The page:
So, of course, the decision to allow a primary in Miranda state’s escuálido heartland has set off an almighty rush for what are, clearly, the two safest opposition seats out there. Made up of Baruta, Chacao, El Hatillo, and the middle-class-bit of Sucre Municipality (Sebucán, La California, Los Ruices, etc.), and, conveniently, already the home of a good number of oppo types, Miranda 2 is just too damn tempting for people to resist.
At last count, Alberto Federico Ravell, Delsa Solorzano, Ramon Muchacho, Liliana Hernandez, Bonny Simonovis, Alfonso Marquina, Carlos Vecchio and Maria Corina Machado were all angling for these seats. More, obviously, are to come. Basically, if you have some kind of media profile, but you didn’t manage to get your name into a safe-seat in the Smoke-Filled-Room Primary, you’re gunning for Miranda 2.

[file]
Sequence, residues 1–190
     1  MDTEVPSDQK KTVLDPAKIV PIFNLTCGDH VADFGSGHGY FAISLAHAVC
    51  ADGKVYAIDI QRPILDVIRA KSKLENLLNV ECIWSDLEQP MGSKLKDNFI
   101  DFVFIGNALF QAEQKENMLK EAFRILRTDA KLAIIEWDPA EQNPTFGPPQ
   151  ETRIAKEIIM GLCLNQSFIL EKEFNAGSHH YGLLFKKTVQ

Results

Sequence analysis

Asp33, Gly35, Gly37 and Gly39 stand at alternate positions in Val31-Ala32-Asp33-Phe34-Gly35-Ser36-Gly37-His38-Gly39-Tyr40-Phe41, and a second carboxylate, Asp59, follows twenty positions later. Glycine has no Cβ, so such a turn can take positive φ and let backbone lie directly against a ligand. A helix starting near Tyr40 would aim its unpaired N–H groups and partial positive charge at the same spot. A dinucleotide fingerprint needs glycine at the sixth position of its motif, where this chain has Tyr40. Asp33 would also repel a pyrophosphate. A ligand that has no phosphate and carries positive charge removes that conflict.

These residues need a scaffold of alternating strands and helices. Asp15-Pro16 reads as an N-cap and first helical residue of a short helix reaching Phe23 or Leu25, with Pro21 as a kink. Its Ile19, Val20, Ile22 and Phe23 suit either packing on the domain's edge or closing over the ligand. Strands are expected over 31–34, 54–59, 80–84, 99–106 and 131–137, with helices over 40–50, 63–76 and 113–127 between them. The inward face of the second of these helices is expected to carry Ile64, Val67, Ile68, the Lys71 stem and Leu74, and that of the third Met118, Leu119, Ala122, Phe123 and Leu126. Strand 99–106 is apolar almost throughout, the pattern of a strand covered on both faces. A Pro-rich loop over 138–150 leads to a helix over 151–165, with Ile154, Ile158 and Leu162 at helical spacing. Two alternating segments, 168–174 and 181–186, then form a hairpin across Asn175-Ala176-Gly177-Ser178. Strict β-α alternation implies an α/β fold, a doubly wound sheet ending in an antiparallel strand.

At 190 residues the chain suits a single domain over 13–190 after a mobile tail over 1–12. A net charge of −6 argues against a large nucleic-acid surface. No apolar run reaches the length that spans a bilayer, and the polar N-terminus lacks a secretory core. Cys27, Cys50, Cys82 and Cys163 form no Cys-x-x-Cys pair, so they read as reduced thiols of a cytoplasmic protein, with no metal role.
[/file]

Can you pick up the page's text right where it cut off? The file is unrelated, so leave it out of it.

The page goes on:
I’m still struggling to work out the rationale behind the places chosen for primaries. As I’ve noted before, the Statewide List system creates 21 rock-solid, absolutely-positively safe oppo seats spread all over the country: there is simply no chance of the opposition getting less than 33.3% of the vote in Anzoátegui state, or Bolivar, or Táchira, or in most other states for that matter. So topping the opposition lists, in those states, more or less guarantees you a seat, meaning the only meaningful choice voters might have gotten would have come through a primary. No such luck, though.
I’m still also struggling to figure out how the actual primary will work, from an operational standpoint. The circuits CNE approved are weird-shaped: how to really explain to people that they get to decide who their candidate will be if they live in La Candelaria, but not if they live in La Pastora? Won’t it be hideously confusing? And how to explain the multiple-member constituency business in a way that doesn’t baffle people?
There are some major organizational hurdles to clear here, and precious little experience to fall back on. Now that María Corina Machado is running in the election rather than running the election, ¿quién podrá defendernos?